She’s taken to making hard-boiled eggs. Not every day, just one maybe two for breakfast or brunch – roughly chopped on lightly buttered ciabatta straight from the oven. It centres her. It’s not the making as such but the peeling of shells, and she’s hooked.


Once cooked she holds them for a moment under cold water then just before the ritual begins taps them like a maestro’s baton on the hard-wood surface, every time amazed how their crack and craze is different.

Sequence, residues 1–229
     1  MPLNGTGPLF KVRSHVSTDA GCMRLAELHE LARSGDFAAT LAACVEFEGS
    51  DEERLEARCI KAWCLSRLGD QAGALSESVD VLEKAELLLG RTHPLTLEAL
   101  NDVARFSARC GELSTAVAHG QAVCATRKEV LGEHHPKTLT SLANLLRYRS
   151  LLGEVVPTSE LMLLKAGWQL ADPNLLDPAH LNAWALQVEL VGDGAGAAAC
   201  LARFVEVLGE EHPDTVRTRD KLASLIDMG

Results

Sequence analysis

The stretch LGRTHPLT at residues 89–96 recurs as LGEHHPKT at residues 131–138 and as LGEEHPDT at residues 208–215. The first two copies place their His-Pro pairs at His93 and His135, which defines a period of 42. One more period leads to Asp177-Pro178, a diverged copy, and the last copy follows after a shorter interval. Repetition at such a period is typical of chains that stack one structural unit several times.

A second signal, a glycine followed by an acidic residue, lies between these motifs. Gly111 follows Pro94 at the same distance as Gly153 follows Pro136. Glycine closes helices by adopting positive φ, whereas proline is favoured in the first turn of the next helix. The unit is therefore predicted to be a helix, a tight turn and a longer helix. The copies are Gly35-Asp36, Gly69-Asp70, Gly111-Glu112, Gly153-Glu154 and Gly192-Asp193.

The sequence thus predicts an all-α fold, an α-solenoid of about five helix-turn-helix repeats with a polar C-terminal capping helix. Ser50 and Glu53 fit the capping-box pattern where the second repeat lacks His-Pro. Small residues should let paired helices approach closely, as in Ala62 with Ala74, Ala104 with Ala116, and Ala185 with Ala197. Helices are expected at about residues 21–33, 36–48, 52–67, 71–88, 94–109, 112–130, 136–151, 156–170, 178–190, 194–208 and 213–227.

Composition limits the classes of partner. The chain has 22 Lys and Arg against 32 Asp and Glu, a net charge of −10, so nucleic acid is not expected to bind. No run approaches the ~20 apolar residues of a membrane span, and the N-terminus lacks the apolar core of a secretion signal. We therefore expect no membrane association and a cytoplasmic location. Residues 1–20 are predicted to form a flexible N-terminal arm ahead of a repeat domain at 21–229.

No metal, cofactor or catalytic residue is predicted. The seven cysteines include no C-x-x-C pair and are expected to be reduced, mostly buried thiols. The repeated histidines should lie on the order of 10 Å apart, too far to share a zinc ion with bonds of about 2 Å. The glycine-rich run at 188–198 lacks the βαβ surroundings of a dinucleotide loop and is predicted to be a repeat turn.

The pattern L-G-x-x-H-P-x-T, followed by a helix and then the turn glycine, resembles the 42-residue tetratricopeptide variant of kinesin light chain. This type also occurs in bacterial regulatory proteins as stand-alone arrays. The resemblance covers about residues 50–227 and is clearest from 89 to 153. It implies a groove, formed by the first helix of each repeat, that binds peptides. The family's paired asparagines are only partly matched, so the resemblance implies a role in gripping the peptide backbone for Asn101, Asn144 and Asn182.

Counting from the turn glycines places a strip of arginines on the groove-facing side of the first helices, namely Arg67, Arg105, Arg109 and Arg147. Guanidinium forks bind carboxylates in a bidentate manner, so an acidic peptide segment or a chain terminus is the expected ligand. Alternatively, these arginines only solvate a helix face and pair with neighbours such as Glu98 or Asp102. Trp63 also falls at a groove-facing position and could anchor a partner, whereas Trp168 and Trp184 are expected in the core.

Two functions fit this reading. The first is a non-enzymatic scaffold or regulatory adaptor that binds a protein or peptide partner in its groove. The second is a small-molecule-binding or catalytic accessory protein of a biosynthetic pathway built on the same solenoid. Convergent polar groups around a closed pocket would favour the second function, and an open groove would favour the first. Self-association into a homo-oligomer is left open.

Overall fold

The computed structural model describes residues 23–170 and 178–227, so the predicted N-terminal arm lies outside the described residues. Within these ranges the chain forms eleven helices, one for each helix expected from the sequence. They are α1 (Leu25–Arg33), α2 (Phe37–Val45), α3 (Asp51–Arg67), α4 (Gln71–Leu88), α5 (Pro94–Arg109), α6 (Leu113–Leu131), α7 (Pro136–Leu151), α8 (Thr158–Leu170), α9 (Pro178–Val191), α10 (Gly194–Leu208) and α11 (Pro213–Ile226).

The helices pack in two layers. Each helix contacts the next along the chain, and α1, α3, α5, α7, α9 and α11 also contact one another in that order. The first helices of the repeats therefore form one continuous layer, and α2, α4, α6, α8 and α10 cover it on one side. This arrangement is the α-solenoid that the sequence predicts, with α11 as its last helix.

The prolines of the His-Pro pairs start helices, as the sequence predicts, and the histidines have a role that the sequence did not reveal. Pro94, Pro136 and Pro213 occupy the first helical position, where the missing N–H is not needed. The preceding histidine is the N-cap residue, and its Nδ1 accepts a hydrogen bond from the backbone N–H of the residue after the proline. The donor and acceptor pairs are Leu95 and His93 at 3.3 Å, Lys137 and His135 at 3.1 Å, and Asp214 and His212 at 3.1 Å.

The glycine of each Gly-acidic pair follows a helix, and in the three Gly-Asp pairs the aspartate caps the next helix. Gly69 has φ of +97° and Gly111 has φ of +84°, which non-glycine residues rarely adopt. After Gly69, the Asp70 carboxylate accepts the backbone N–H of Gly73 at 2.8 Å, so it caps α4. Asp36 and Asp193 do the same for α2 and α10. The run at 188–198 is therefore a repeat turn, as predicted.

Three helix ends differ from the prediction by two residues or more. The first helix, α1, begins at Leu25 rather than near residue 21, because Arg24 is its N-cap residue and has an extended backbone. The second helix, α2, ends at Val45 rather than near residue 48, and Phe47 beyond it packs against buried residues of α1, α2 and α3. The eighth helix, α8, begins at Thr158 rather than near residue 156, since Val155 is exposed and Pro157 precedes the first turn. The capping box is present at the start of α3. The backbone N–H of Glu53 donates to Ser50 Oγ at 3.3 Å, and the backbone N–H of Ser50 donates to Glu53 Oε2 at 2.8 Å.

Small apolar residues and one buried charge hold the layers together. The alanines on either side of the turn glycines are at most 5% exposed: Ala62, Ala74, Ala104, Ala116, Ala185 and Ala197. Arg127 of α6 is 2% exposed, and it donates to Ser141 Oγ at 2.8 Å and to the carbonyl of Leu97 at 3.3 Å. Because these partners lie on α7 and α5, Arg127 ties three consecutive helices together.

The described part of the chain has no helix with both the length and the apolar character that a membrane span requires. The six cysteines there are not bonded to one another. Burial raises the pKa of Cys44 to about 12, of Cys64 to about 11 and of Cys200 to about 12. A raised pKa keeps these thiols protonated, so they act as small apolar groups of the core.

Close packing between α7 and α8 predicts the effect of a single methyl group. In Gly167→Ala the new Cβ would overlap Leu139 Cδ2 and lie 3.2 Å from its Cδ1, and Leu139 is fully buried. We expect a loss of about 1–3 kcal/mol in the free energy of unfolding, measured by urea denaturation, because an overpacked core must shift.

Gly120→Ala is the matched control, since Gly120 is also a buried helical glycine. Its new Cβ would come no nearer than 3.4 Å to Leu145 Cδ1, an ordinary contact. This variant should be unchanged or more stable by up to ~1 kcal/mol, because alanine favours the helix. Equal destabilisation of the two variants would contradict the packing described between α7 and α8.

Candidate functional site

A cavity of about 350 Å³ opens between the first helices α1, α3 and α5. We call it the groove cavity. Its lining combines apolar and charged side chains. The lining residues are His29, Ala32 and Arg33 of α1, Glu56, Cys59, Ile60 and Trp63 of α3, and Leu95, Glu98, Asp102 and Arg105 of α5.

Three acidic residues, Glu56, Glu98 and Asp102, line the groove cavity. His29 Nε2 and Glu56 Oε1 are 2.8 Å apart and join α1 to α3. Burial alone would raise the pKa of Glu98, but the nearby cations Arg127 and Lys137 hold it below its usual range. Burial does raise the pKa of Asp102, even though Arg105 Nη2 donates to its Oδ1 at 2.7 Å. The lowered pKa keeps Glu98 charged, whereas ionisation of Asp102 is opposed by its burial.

In her silent mindful egg-space she coaxes each piece of casing in almost forensic removal; strips of membrane cling to her fingers, robbed of their egg-white hug; her sense of pleasure oddly immense when larger fragments surrender themselves.


It can’t be rushed, many a time she’s made an impatient crater.



Annie Morris lives in SW London. Her poems have appeared in various online and print publications including Minute Magazine, Allegro Poetry, Red Wolf Journal, The Dawntreader, Snapdragon Journal, Blue Heron Review and the anthology Myth & Metamorphosis (Penteract Press).